Capgras delusion, the belief that somebody is replaced by an imposer. First, this study examines whether Capgras patients, compared to controls, have an impaired face recognition process. Patients show to be hyporesponsive to familiar faces and show to have a decreased activity in brain areas, such as the prefrontal, lateral temporal and mesial temporal regions. The second part of this study examines the belief reasoning processes in patients compared to controls. Patients show an impairment in their belief reasoning process and this is linked to an impairment of the right lateral prefrontal cortex.
The goal is to see whether Capgras patients have an impaired face-recognition process and an impaired belief-evaluating process, associated with the brain activity, compared to control participants.
The main objectives
- Showing that Capgras patients have an impaired face recognition process because they are hyporesponsive to familiar faces, by measuring reaction times of the recognition of familiar and unfamiliar faces.
- Showing that, because certain areas in the brain are responsible for face recognition, Capgras patients have impairments in certain brain areas, such as the prefrontal, lateral temporal and mesial temporal regions (by measuring the BOLD activity in these areas), to experience Capgras delusions, because they are hyporesponsive to familiar faces.
- Showing that, because according to Coltheart’s two factor theory, Capgras patients have a decreased reasoning-evaluation process, Capgras patients have an impaired reasoning process. This study also wants to show that this reasoning process is associated with the right lateral prefrontal cortex (by measuring the BOLD activity in the right lateral prefrontal cortex) and that Capgras patients should show in impairment in this area.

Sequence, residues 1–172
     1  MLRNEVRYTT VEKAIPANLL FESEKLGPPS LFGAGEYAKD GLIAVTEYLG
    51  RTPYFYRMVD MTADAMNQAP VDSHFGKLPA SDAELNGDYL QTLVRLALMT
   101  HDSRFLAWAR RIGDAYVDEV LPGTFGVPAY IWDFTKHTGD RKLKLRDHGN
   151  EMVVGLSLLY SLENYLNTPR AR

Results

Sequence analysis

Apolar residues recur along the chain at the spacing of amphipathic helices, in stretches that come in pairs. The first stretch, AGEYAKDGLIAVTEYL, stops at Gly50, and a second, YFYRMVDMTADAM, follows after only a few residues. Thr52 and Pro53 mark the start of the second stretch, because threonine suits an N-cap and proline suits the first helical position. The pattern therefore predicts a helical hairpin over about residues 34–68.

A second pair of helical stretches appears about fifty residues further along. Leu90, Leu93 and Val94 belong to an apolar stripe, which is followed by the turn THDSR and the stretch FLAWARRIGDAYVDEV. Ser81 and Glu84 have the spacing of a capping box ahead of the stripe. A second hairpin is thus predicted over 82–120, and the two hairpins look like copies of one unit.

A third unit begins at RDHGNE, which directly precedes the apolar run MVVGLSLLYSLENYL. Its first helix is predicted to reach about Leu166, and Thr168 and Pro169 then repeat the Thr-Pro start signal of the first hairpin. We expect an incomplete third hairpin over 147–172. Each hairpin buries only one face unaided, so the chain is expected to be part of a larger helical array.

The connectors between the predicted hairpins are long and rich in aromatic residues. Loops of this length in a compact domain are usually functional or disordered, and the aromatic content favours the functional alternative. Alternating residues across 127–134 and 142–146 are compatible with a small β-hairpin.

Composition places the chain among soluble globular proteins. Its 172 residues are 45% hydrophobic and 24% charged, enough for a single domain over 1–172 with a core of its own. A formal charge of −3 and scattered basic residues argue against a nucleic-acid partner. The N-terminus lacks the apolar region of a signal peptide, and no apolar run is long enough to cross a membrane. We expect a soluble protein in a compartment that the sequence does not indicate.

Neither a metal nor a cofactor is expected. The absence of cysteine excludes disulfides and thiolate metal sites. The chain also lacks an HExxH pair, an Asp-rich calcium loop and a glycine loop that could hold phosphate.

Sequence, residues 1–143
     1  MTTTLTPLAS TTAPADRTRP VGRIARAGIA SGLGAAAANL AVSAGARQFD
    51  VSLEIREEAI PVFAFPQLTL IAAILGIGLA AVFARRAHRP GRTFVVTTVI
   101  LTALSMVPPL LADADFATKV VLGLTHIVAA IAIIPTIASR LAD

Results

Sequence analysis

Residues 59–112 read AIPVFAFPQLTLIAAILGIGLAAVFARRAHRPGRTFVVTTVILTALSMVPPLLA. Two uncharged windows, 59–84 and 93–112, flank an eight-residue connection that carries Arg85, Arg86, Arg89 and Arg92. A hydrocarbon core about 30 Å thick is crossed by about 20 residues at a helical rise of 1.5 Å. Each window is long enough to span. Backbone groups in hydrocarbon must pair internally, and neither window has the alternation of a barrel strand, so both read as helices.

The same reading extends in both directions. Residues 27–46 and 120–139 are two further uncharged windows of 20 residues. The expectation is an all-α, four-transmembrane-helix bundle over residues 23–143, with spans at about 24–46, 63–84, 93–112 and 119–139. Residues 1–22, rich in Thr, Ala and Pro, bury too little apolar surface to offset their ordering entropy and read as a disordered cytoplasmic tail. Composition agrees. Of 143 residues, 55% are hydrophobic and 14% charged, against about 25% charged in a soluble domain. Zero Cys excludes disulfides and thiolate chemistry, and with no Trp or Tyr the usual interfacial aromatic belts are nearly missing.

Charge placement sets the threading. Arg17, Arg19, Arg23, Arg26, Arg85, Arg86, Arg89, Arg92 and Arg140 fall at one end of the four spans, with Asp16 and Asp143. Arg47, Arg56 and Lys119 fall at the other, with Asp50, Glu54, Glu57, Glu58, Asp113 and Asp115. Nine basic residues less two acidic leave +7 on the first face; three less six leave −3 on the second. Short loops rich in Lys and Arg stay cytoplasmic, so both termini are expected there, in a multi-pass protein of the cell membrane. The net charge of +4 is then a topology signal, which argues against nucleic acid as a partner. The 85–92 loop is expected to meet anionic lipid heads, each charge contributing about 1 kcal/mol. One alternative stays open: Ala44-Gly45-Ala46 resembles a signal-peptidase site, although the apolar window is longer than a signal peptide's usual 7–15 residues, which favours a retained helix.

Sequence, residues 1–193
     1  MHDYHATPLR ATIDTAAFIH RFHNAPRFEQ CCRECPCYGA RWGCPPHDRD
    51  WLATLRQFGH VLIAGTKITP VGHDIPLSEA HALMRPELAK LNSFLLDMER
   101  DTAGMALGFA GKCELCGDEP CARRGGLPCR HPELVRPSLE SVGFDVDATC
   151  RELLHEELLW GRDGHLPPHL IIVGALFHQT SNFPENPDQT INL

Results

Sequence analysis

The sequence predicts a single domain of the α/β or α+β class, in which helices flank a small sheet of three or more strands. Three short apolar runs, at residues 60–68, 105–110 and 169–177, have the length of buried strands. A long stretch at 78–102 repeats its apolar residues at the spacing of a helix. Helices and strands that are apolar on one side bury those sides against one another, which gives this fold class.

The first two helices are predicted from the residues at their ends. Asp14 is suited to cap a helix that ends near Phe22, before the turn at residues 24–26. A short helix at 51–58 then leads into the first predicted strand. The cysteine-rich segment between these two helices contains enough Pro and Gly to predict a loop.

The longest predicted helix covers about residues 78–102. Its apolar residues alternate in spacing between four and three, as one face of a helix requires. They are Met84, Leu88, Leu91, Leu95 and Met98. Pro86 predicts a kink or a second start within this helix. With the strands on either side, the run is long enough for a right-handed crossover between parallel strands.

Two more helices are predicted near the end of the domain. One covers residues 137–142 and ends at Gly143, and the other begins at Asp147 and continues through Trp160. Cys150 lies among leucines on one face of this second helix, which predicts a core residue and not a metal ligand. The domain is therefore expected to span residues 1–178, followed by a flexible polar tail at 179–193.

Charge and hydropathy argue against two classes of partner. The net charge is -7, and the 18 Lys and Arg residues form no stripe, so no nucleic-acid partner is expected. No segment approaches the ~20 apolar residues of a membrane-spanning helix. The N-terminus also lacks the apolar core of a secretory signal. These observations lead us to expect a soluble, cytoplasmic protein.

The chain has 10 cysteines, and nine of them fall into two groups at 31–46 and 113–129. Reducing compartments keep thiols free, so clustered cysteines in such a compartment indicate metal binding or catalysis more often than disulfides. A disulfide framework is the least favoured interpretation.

This study is seeking to expand research on which processes are damaged in people who experience Capgras delusions, looking at two theories. Experiment 1 and 2 are about damage to the face recognition system. In experiment 1we argue that patients are hyporesponsive to familiar faces by looking at their reaction times in the recognition of familiar and unfamiliar faces. In experiment 2, an fMRI scan measures the brain activity while participants look at familiar and unfamiliar faces. It is predicted that Capgras patients will show impairments in areas that are involved in face recognition, such as the prefrontal, lateral temporal and mesial temporal regions. The second theory, the two factor theory, suggests that delusions are a result of an impairment of belief evaluation processes. Experiment 3 wants to link this impairment in belief reasoning to the right prefrontal lateral cortex. Capgras patients are expected to show a decreased activity, measured by an fMRI scan, in this area while they do a belief reasoning task. This will indicate that Capgras patients have impaired face recognition processes and impaired belief reasoning processes and these processes are linked to several impairments in the brain.